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Change fuel standards to unlock electric vehicle supply

First published in The Australian on 3rd February 2023.

EVs are fun to drive, save you money on fuel and maintenance, and are a huge opportunity for Australia to improve its fuel security.

As the need for climate action increases, we’ve all watched electric vehicles being used as a political football. It’s meant that we have a lot of work to do to ensure Australians don’t miss out on the huge savings EVs make possible.

Unlike rooftop solar, where the Howard government began a program (and subsequent government’s backed and refined) that resulted in us enjoying the cheapest rooftop solar in the world, we’ve been left behind when it comes to EVs.

Despite demand skyrocketing last year, increasing by 65 per cent, EVs make up just 4.7 per cent of new vehicle sales.

But we can change this fast and the Federal government has a big role to play. The best way to increase the number and variety of electric vehicles being supplied to Australia is to establish ambitious fuel efficiency standards. Done right, these standards encourage manufacturers to import more EVs.

Australia and Russia used to be the only OECD countries without fuel efficiency standards. Russia was suspended from the OECD so we’re now on our own. In the absence of standards, vehicle manufacturers treat Australia as a dumping ground for inefficient internal combustion engines.

Our laggard approach also means we remain highly reliant on expensive, imported fuel. The average household spends more than $100 per week on fuel, 90 per cent of which is brought in from overseas. Tens of billions of dollars flow out of Australia to oil producing countries. The transition to EVs will mean we can keep those billions of dollars in Australia.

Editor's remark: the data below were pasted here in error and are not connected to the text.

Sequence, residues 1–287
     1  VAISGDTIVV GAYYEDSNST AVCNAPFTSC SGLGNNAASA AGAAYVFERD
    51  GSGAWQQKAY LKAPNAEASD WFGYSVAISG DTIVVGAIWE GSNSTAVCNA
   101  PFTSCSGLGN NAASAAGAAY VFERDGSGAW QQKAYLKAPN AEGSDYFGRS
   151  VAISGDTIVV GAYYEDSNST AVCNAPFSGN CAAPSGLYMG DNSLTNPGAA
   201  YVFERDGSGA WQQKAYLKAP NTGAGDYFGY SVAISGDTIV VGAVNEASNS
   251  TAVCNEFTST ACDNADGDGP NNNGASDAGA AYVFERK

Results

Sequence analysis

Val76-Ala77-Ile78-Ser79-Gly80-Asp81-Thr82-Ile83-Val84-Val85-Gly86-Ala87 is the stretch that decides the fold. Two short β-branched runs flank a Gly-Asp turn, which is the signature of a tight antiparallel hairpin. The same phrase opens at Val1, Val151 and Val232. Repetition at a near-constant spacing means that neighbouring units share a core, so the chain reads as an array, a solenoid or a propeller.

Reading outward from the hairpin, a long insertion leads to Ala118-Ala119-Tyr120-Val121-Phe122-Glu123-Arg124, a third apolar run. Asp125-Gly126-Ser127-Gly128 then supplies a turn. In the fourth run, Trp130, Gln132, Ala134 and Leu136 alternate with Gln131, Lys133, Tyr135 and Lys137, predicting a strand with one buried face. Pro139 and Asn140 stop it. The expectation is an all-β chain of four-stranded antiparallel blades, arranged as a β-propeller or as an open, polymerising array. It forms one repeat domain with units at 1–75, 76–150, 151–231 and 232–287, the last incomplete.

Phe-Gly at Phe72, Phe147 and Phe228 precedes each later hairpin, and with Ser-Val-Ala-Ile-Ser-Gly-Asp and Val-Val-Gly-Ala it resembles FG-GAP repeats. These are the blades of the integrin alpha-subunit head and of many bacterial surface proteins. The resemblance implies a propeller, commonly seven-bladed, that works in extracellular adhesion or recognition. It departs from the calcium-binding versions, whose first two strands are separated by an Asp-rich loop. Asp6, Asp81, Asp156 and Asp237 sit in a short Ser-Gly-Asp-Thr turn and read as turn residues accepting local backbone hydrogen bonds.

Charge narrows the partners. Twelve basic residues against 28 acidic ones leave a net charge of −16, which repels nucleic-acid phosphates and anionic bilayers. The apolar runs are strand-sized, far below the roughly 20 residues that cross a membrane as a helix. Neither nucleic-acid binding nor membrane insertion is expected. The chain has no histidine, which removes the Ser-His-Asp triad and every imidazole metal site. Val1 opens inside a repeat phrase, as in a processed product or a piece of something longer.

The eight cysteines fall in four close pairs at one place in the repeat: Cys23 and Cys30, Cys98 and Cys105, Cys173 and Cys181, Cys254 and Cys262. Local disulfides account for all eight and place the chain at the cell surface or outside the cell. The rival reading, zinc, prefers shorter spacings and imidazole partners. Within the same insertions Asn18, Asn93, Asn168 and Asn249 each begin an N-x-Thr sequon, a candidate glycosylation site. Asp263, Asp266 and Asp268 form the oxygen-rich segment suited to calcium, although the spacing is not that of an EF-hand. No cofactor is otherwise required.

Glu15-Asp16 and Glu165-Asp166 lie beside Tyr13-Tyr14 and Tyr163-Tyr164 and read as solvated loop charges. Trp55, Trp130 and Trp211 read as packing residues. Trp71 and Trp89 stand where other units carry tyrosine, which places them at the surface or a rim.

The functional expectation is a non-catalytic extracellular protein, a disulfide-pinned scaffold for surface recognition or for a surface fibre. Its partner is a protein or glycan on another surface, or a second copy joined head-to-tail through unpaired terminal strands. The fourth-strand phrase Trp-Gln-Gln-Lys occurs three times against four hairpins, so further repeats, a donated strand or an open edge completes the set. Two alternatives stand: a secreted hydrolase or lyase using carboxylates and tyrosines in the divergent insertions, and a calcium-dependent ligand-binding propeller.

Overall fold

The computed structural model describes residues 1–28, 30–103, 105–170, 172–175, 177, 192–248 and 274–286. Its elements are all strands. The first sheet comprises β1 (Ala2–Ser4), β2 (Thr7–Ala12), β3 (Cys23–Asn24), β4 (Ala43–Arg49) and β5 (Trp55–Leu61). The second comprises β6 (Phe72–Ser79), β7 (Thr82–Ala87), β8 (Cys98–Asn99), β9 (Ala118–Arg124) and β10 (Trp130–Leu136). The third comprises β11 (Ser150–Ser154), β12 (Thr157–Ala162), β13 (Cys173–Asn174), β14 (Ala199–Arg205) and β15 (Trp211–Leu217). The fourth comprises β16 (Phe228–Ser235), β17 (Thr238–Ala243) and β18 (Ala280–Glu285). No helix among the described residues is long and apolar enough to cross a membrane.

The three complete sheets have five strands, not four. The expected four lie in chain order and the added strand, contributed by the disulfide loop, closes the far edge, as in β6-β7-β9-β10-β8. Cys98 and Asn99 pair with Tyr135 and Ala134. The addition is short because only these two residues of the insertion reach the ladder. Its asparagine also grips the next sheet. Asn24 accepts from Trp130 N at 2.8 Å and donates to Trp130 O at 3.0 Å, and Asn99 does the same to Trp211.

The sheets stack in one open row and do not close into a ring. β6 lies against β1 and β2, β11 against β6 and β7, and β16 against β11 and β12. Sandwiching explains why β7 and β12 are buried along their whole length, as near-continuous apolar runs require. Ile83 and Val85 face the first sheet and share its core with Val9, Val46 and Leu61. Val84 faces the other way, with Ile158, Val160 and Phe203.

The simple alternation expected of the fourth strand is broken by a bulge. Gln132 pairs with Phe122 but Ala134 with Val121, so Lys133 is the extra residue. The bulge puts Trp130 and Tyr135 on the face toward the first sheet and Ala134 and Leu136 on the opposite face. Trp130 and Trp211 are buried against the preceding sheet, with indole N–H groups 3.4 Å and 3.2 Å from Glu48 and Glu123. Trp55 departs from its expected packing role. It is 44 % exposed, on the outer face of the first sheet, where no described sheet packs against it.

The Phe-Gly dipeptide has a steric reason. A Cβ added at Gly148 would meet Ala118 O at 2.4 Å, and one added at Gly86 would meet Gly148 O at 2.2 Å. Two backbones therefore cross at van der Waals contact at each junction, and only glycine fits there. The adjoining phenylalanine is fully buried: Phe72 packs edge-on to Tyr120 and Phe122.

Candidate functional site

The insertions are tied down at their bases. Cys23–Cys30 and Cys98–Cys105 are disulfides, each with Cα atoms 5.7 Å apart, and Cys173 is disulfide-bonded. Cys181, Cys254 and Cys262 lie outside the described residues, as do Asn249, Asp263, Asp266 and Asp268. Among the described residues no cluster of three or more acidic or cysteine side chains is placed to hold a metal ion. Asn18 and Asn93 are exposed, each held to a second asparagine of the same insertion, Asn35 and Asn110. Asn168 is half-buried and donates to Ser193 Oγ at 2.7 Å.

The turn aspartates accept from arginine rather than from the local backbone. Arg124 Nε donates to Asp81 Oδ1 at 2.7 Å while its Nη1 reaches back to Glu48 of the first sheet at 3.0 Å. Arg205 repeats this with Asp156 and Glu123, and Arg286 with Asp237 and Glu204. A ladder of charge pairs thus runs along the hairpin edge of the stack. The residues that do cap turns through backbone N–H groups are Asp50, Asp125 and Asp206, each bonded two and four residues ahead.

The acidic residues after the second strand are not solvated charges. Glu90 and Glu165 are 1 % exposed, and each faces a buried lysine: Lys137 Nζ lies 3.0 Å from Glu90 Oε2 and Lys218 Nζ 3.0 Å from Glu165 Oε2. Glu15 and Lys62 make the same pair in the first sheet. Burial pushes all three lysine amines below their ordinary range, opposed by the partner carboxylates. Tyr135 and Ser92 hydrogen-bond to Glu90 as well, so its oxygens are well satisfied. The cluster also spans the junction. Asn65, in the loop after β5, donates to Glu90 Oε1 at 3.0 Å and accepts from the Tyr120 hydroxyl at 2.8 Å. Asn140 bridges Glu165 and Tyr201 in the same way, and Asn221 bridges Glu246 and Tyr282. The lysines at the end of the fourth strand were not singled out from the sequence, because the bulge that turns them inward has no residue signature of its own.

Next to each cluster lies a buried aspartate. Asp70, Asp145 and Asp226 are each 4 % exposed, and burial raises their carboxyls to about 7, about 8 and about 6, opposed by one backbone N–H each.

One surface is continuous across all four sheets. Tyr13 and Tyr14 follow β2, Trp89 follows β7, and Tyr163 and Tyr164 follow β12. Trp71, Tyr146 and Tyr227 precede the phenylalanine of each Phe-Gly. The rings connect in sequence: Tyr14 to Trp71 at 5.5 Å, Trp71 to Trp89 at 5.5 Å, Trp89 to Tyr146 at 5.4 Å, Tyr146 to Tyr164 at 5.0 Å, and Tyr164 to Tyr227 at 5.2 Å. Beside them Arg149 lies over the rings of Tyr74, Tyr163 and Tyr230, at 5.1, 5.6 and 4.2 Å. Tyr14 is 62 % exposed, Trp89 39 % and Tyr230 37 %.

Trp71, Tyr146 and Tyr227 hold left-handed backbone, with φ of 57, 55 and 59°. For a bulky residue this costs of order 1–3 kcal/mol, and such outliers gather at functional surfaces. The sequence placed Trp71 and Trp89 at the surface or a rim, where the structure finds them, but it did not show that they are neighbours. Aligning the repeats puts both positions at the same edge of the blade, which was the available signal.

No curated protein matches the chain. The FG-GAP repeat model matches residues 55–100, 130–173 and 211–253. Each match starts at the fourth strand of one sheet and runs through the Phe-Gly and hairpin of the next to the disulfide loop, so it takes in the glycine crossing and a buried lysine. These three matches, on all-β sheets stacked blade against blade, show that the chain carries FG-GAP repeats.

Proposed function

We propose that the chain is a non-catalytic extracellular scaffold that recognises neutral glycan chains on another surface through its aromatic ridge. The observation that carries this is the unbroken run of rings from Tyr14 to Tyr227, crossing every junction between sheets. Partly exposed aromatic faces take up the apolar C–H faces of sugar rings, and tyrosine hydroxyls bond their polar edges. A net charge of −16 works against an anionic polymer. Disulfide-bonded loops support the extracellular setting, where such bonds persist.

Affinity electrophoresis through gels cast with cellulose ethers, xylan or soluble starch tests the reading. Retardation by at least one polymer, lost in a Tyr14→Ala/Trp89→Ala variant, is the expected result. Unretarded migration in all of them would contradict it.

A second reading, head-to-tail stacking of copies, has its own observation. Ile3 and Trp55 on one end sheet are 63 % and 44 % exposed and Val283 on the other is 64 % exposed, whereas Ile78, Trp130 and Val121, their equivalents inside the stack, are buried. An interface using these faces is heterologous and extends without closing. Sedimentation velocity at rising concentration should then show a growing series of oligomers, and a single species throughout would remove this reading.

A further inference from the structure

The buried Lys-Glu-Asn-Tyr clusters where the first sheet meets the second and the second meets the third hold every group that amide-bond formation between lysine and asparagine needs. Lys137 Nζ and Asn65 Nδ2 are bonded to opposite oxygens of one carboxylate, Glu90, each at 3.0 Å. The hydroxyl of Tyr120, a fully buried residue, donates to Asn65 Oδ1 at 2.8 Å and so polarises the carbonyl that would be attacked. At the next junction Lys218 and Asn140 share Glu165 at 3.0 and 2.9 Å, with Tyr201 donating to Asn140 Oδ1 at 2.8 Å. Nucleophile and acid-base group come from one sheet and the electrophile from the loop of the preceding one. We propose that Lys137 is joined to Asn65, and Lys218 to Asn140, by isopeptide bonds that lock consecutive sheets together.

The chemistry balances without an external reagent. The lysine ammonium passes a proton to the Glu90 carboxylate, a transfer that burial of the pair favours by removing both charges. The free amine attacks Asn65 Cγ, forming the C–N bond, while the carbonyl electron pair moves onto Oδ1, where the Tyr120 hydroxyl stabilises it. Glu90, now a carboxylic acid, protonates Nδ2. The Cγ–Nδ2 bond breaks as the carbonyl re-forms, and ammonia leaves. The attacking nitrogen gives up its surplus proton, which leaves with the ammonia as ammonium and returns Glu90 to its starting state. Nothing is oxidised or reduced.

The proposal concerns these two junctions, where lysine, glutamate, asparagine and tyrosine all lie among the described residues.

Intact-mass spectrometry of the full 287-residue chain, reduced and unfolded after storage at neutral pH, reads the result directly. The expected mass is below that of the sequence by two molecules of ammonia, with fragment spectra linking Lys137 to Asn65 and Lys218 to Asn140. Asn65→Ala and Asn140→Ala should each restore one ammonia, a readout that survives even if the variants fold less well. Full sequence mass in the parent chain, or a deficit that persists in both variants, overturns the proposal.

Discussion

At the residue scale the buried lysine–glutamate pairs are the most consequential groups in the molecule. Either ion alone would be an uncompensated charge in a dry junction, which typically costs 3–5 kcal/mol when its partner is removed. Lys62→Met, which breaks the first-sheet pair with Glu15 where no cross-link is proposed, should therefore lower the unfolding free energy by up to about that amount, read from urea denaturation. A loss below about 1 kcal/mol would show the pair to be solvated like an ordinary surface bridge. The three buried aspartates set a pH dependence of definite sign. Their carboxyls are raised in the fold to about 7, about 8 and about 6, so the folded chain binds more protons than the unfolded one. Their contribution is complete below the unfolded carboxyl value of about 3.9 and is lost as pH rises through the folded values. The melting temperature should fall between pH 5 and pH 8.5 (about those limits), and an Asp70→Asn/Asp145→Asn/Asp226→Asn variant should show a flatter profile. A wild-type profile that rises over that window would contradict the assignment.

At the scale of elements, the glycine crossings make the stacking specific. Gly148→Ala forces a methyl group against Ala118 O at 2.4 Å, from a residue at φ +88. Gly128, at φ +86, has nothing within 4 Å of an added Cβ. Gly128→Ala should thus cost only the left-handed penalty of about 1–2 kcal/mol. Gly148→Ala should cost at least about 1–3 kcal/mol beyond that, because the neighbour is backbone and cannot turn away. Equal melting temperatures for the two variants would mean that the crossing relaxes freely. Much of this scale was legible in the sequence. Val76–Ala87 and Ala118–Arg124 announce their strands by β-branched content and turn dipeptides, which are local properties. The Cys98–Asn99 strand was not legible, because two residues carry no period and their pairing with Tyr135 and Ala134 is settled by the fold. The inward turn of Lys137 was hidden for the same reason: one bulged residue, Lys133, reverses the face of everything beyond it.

We also need to ensure we have policies in place that ensure people aren’t left behind in the transition. Manufacturers should be encouraged to prioritise low and zero emissions vehicles that suit all Australian motorists, especially those who can’t afford to drop $60k on a car, and the farmers and tradies who need their vehicles to work for them. There are many challenges but they’re also huge opportunities: developing a second-hand market, building the charging infrastructure that allows people to travel without range anxiety and doing the hard work of ensuring the value chain for critical minerals is ethical and can keep up with demand.

With petrol prices rising sharply over the past few years and remaining high, the thought of never having to pay at the pump again is more appealing than ever. And EVs make that vision a reality. With some really simple policy changes, we can ensure Australians can unlock these cost savings.

David Pocock 

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